Roseate Spoonbills are one of six species of Spoonbills in the world and are the only species to reside in the Americas.
Adult Roseate Spoonbills are uniquely colored and patterned making them easily recognizable among their species. They have bright pink shoulders and wings, and dark pink legs. With bald, yellowish-green heads, red eyes, and gray spoon-shaped bills. Their necks and upper back are white and they have a black nape.
Breeding Roseate Spoonbills have a golden buff on their heads and they have a tuft of pink feathers in the center.
Juveniles are paler pink, and have a completely feathered head, pinkish-gray spoon-shaped bill, and dark legs.
- Platalea ajaja
- Length: 30 – 40 in (76 – 102 cm)
- Weight: 52 – 53 oz (1474 – 1502 g)
- Wingspan: 50 – 53 in (127 – 135cm )
Roseate Spoonbills are resident in the southern United States, Mexico, Central America, and South America.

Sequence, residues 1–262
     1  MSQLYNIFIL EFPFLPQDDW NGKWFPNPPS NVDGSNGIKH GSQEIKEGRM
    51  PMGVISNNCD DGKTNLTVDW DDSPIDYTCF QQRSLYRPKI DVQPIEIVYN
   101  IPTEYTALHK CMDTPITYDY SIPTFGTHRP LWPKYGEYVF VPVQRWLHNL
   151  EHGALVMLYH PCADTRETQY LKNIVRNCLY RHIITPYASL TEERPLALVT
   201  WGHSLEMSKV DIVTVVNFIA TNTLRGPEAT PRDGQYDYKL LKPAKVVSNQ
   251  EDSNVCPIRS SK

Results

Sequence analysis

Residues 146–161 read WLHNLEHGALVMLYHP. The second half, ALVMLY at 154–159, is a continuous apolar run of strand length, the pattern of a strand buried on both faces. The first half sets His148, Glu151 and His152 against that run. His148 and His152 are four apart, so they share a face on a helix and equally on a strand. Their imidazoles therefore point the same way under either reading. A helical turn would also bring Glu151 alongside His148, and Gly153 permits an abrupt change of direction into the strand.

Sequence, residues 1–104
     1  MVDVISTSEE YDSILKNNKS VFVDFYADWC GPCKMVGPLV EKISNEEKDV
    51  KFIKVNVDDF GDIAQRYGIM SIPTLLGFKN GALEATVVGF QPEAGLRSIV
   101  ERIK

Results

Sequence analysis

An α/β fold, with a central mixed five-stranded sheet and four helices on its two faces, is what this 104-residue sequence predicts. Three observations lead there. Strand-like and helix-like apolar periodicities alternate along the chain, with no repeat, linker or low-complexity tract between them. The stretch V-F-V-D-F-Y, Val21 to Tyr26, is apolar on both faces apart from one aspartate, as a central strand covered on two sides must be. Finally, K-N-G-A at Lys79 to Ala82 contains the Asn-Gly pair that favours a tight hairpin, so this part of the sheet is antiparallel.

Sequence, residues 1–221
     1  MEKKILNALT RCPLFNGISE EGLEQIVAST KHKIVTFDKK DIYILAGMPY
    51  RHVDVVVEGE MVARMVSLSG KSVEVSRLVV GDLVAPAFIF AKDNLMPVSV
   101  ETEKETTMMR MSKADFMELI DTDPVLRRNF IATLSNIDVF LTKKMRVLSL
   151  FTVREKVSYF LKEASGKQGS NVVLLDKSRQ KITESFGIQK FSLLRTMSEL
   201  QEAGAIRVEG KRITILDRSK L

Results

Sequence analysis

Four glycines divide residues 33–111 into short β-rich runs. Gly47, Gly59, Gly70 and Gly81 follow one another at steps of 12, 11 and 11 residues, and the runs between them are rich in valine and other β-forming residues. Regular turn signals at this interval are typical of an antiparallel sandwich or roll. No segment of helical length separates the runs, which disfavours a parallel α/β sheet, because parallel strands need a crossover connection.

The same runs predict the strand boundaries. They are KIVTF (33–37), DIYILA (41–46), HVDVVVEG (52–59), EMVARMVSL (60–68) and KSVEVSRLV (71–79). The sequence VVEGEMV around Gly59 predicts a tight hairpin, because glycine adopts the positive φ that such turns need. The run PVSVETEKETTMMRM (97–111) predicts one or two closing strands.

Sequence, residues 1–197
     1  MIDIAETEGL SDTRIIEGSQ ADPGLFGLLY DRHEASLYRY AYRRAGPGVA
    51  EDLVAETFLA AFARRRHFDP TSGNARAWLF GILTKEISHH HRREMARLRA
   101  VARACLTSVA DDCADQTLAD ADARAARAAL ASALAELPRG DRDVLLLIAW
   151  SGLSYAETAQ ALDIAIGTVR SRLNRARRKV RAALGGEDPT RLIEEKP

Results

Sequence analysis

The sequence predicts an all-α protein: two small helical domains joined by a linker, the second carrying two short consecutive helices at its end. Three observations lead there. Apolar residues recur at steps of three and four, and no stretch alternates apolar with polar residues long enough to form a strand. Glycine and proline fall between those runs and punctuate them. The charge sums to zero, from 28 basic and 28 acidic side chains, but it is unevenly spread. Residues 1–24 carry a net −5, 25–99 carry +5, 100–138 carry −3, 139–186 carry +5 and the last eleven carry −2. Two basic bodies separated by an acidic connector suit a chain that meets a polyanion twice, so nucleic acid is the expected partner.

Habitat And Diet
You can find Roseate Spoonbills in mangroves, saltwater lagoons, and large, shallow lakes, with an abundant supply of aquatic invertebrates.
Roseate Spoonbills are large wading birds so they usually forage for food in shallow fresh or coastal waters. They use their large spoon-shaped bills and move them from side to side to capture crustaceans, insects, frogs, and small fish.
Once they feel that their prey is on their bill, they immediately snap their bills closed and swallow their prey whole.
Roseate Spoonbill Call:
Nests of Roseate Spoonbills are mixed in colonies with other wading birds like egrets, ibises, and herons. They prefer to nest on mangroves, trees, or shrubs in islands or over standing water. They choose the shadiest part of a tree, even if it’s as high as 16 feet to put their nests in.
The male collects twigs, sticks, and other materials and leaves it up to the female to construct the nest. After building the nest, the female lays up to five eggs and both parents incubate for around twenty-three days.
The pink coloration of the Roseate Spoonbills comes from the food that they eat. Their color can change from pale to bright pink depending on their age, breeding season, and location.